Poultry industry under pressure

Updated: 2013-04-18 07:30

By Yu Ran (China Daily)

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To ease the heavy burden on breeders, the regional governments of Shanghai and Zhejiang province have offered limited subsidies.

The Shanghai government issued a one-off subsidy on April 10, paying certified poultry breeders to keep their birds at their farms. Breeders will be paid 3 yuan for each egg chicken, 2 yuan for each meat chicken, 2 yuan for each pigeon and 0.20 yuan for each quail.

Meanwhile, on Wednesday, Zhejiang's provincial government announced that it will provide a similar level of subsidy to local large-scale poultry breeders.

Poultry industry under pressure

Poultry industry under pressure


"It is essential for the government to offer insurance support for the breeders, not only in terms of buying related insurance products, but also setting up a stabilization fund to insulate the breeders from huge losses if outbreaks occur in the future," said Wang Xujin, a professor at the insurance department of the school of economics at Beijing Technology and Business University, according to the news website Caixin.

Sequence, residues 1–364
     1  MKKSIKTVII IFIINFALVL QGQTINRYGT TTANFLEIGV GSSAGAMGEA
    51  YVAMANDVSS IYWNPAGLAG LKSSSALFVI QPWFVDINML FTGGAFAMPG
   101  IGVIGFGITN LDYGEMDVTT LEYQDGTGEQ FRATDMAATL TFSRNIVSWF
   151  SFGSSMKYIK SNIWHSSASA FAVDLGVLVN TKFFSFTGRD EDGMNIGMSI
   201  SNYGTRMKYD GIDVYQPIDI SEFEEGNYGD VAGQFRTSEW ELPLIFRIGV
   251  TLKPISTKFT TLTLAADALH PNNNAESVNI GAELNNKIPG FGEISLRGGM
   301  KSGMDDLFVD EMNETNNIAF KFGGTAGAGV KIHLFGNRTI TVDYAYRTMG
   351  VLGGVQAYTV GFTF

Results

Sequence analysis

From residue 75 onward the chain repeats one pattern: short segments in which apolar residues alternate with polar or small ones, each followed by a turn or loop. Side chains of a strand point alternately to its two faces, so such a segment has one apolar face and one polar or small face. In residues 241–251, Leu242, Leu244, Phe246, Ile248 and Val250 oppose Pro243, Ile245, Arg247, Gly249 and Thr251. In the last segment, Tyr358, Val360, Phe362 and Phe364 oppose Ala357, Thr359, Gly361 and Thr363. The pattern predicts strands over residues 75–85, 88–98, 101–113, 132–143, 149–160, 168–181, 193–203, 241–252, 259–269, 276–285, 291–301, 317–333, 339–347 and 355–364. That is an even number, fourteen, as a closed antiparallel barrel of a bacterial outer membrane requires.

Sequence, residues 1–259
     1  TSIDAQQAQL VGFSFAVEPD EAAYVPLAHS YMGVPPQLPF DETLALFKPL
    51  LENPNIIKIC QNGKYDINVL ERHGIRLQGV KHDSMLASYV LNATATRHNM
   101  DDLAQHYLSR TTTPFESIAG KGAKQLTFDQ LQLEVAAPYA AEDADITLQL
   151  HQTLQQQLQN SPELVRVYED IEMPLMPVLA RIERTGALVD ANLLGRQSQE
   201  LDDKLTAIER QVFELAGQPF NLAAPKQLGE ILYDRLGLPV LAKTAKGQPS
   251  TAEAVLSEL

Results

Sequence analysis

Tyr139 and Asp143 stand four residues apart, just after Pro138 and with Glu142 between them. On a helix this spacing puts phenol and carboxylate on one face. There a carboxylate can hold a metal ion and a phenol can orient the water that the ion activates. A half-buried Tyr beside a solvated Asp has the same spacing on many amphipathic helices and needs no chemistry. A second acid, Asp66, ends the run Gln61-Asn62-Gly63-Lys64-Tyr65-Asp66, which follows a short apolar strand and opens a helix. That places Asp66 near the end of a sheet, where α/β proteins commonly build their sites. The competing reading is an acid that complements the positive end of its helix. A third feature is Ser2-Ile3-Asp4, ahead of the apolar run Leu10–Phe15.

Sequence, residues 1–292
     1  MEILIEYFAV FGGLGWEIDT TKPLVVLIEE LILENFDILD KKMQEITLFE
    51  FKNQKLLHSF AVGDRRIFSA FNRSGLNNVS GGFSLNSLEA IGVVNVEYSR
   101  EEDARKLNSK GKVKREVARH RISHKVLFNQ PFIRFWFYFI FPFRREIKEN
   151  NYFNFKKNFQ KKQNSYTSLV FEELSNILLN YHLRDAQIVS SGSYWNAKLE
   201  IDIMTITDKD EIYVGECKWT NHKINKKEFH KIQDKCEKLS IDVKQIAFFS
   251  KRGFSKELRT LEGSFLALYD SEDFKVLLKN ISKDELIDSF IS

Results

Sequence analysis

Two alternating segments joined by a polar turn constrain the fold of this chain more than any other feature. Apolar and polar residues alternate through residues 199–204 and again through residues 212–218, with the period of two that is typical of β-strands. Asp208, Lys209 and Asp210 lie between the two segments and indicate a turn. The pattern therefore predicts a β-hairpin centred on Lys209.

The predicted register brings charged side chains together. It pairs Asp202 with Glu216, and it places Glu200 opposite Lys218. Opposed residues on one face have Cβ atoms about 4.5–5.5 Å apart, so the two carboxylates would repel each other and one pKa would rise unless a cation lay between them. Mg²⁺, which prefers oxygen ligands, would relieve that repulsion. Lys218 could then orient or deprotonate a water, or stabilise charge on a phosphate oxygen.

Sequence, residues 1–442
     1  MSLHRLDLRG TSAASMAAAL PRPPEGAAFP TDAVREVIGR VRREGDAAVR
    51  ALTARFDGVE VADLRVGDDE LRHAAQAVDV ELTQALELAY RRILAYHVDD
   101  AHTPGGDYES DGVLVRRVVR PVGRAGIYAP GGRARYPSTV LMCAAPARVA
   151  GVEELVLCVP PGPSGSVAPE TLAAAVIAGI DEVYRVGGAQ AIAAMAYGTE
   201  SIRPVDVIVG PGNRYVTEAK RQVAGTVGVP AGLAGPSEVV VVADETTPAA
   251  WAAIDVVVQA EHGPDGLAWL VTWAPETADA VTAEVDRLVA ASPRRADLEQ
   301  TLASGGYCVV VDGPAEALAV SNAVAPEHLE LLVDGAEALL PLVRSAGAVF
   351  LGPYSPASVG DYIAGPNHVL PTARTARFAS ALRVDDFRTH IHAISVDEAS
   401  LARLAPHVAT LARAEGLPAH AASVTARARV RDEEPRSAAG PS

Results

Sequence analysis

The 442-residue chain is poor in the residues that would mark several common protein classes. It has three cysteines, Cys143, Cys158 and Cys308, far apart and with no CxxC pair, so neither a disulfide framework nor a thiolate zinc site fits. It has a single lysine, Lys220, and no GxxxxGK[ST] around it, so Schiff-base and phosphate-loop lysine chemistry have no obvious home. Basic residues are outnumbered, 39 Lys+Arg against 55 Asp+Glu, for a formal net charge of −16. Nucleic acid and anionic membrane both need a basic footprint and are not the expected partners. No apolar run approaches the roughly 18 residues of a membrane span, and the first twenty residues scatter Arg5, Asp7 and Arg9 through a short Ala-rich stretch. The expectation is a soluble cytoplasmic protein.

Wang urged the government to launch a poultry storage system and subsidy measures to avoid sudden price fluctuations for poultry products.

However, there is a certain level of optimism in the industry.

Tony's Farm, an organic foodstuff supplier in Shanghai, has started selling organic vegetables and fruit with a wide profit margin to offset the losses incurred by the temporary closure of its poultry department.

"Supplies of organic vegetables such as garlic, onions, ginger and tomatoes that boost human immune and resistance systems have been increased as a replacement for poultry products," said Wang Shuai, the PR manager at Tony's Farm, which has launched a wider range of prepackaged vegetables to meet the rising demand from customers.

In addition, certain farmers are looking forward to making profits soon from the rebound in demands for poultry products.

"I would like to buy more chicks in August, if that's possible," said Sun Hongrong, 39, who runs a family farm in a suburb in Shanghai's Songjiang district.

Normally, Sun raises 1,000 free-range chicks in his paddy fields every year. All are priced at around 120 yuan, higher than normal, because they eat rice kernels rather than chicken feed.

"Hopefully, the bird flu will disappear as temperatures rise. By that time, the demand for chicken will rise again, too, so I expect to see prices surge because of the short supply," said Sun.

Xie Yu in Shanghai contributed to the story.

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